These Filipina riders are changing the way we look at motorcycles
Labels don’t exist here
Mar 28, 2018
I enjoyed watching American Choppers as a kid whenever it aired on the Discovery Channel. I always thought those big bikes were pretty badass. They come in different shapes and sizes, some are vintage Harley-Davidsons and others are customized and built from scratch. I also thought Captain America looked hot riding it, but I digress.
Here in the Philippines, a small community of riders—Filipina riders—are giving Steve Rogers a run for his money. Meet the Litas Manila, a group of motorcycle-riding, ass-kicking women who are challenging the male-dominated motorcycle community not just here but all over the world as well. Perhaps you’ve seen them somewhere in the city before, though they’re not hard to miss once you see them cruising on their customized Ducati’s, Harley-Davidsons, and KTM bikes.
The founding members, Gaki Azurin, Erika Fernandez, Cal Soesanto, and Carol Gonzales Karthe have one goal in mind: to empower women in both the Filipino society and the motorcycle industry while advocating for the safety of female motorcyclists.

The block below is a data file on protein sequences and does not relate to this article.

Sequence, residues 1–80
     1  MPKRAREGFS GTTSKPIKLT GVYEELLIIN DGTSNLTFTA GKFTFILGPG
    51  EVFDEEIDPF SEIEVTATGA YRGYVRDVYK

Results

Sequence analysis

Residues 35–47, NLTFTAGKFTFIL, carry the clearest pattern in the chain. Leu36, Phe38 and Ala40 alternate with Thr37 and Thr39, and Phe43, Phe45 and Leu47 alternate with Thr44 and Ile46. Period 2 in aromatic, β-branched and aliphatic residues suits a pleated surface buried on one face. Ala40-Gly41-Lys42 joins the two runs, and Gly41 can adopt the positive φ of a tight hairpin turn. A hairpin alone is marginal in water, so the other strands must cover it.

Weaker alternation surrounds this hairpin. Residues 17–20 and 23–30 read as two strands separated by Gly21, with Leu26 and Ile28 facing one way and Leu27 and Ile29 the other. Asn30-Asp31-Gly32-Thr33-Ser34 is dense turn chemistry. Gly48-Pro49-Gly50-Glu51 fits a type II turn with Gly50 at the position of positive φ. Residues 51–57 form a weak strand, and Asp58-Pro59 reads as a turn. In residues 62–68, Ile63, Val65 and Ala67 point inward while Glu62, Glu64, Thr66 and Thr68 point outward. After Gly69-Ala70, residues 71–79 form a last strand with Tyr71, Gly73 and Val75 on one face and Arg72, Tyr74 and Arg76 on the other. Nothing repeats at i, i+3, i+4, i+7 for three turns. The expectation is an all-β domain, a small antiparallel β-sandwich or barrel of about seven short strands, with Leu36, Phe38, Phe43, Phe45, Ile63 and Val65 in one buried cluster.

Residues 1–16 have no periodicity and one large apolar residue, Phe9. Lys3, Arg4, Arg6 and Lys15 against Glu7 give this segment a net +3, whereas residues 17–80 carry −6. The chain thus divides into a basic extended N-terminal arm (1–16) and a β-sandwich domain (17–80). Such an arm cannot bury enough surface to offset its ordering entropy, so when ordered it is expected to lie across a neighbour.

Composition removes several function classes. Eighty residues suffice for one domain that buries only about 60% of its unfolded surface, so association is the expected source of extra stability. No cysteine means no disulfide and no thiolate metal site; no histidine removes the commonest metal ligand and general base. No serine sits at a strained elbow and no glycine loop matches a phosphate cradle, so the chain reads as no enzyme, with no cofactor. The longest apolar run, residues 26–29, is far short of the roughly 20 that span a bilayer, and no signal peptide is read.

Azurin initially founded the Litas Manila in 2017 when she was looking for other female riders. “Since I look for other women to ride with when I travel, women must look for the same when they travel to the Philippines,” she said during an interview with Buzzfeed. “As a woman, it feels safer contacting other girl bikers, rather than a men’s group in a foreign country.”
She made another point by saying, “The Manila community sees us as a bunch of strong women. Some men still have the [perception] that women are frail and cannot lift or control tall bikes but we are proving them wrong. We’re a sisterhood who support each other when we are riding as well as in our daily lives.”
What’s more interesting is that these women came from different walks of life. Carol Gonzales Karthe, who is the most experienced in the group, has been riding for 27 years. She works as a swimming instructor (while studying interior design) and has been a competitive sailor for 18 years. “The idea of Litas Manila is to have a community where labels don’t matter. Women can just be themselves here, not boxed into stereotypes. Here, we participate in what we care about and we have control over our own lives and our own decisions,” she says.
At the end of the day, the Litas are more than just a group—they’re family. These women are here to prove that there’s strength in femininity and that women helping other women is the only way to build it.
Interested in joining Litas Manila? You can sign up here (just make sure you’re over 18, though!).
Photos by Lynzy Billing
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